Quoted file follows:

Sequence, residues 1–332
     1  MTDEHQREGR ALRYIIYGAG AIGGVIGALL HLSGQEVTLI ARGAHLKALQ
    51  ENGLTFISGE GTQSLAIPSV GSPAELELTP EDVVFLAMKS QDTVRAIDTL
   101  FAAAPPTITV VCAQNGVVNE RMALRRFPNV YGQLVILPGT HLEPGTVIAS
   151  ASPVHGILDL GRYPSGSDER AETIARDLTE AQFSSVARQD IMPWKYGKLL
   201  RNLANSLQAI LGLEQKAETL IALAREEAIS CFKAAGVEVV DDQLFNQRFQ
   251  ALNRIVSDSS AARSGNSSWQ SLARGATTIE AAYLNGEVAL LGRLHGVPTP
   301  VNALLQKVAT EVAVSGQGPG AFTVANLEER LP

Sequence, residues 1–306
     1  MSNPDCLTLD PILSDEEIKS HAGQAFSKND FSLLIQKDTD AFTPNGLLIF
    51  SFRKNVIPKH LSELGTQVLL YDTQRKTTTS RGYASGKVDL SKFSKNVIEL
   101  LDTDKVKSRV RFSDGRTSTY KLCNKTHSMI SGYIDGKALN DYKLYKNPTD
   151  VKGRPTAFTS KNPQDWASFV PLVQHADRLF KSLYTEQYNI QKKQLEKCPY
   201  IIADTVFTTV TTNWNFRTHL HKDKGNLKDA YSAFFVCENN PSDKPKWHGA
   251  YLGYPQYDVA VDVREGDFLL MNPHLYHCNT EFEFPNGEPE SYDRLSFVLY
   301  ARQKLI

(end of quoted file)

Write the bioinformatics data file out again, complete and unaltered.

Sequence, residues 1–332
     1  MTDEHQREGR ALRYIIYGAG AIGGVIGALL HLSGQEVTLI ARGAHLKALQ
    51  ENGLTFISGE GTQSLAIPSV GSPAELELTP EDVVFLAMKS QDTVRAIDTL
   101  FAAAPPTITV VCAQNGVVNE RMALRRFPNV YGQLVILPGT HLEPGTVIAS
   151  ASPVHGILDL GRYPSGSDER AETIARDLTE AQFSSVARQD IMPWKYGKLL
   201  RNLANSLQAI LGLEQKAETL IALAREEAIS CFKAAGVEVV DDQLFNQRFQ
   251  ALNRIVSDSS AARSGNSSWQ SLARGATTIE AAYLNGEVAL LGRLHGVPTP
   301  VNALLQKVAT EVAVSGQGPG AFTVANLEER LP

Sequence, residues 1–306
     1  MSNPDCLTLD PILSDEEIKS HAGQAFSKND FSLLIQKDTD AFTPNGLLIF
    51  SFRKNVIPKH LSELGTQVLL YDTQRKTTTS RGYASGKVDL SKFSKNVIEL
   101  LDTDKVKSRV RFSDGRTSTY KLCNKTHSMI SGYIDGKALN DYKLYKNPTD
   151  VKGRPTAFTS KNPQDWASFV PLVQHADRLF KSLYTEQYNI QKKQLEKCPY
   201  IIADTVFTTV TTNWNFRTHL HKDKGNLKDA YSAFFVCENN PSDKPKWHGA
   251  YLGYPQYDVA VDVREGDFLL MNPHLYHCNT EFEFPNGEPE SYDRLSFVLY
   301  ARQKLI